On February 8th, 2017, members of the Newark Think Tank on Poverty shared their experiences with payday loans, title lenders, and rent-to-own businesses.
This event was coordinated and hosted by our friend and ally, Fahdel Kaboub, Associate Professor of Economics at Denison University. NTTP Members Ellanor, Donna, Chris, and Chuck were the speakers.
Below is a list of what I learned, taken from notes during the event, with links to articles if you are interested in learning more. If they bring you any wisdom, give a big thanks to the speakers for helping us understand these unethical but legal practices.
Here is what I learned
- Payday loans are ubiquitous in impoverished areas. There are more predatory lenders in the country than there are McDonald’s. They target low income populations and marginalized peoples. Approximately 650 payday lenders operate in Ohio.
- There are bonds people, rent-to-own businesses, payday and title lenders all over Newark. A Google search for the aforementioned institutions will find you a map directing you to a number of them. Fahdel did not have the exact number of these businesses in Newark, but said he expected his class to find the data.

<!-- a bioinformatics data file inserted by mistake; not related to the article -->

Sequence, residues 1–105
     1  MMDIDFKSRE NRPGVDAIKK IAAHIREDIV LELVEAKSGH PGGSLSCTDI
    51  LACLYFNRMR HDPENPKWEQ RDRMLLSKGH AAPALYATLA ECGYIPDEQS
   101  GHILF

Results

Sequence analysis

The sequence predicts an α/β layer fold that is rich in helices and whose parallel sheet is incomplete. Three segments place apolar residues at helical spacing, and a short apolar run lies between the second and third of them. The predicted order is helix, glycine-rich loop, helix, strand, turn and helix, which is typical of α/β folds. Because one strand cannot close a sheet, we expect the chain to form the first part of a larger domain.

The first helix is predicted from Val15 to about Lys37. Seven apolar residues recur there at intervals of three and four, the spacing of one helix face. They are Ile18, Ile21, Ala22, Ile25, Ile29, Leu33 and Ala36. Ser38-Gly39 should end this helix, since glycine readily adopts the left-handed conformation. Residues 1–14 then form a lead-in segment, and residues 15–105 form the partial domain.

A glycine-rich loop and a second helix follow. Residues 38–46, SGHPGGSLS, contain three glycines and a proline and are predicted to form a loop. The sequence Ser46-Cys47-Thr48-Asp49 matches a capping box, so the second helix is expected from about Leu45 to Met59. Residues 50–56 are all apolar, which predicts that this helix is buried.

- Once you are released from jail or prison, most likely without anything but the clothes on your back, you will be hit with bill and fine notices.
- One member’s experience with a rent-to-own establishment became a financial crisis around the holiday season. This member wanted to buy their son a PlayStation 4, which runs for less than $400 dollars at local retailers. But after paying interest and late fees, the video game console cost them roughly $2,000 dollars.
- A recurring topic in the speeches was the panic that comes during financial stress. Imagine your daughter’s car broke down, and you need to find a way to get it fixed so she can keep her job: the idea of getting a quick loan, one that seems small enough to cover within the one- to two-week time limit, sounds like the best idea. Then you have a heart attack shortly after getting the loan. Now you might have hospital bills to cover, and because you were recovering from a medical emergency, you missed your payment. Now that payday loan you made to get your daughter to and from work has gone from $200 to $600. You cannot make payments: cough up the $600.
- Another member got a title loan for $800 dollars. After working at a plant for a little more than a decade, they were laid off. They acquired a seasonal job at Harry and David, the only work available to them at the time. Again, they were laid off. Shortly after missing their payment, the lenders showed up to the door with a letter, and took off with the vehicle, still expecting them to cough up the $800 dollars, in addition to the storage and towing fees.
- Ohio Payday Coalition is petitioning to get H.B. 123 on the 2018 ballot, which plans to address the loopholes used by predatory lenders. The issue of predatory lending has circulated in the state government for years, but nothing has been done to pass legislation addressing these poverty-making practices.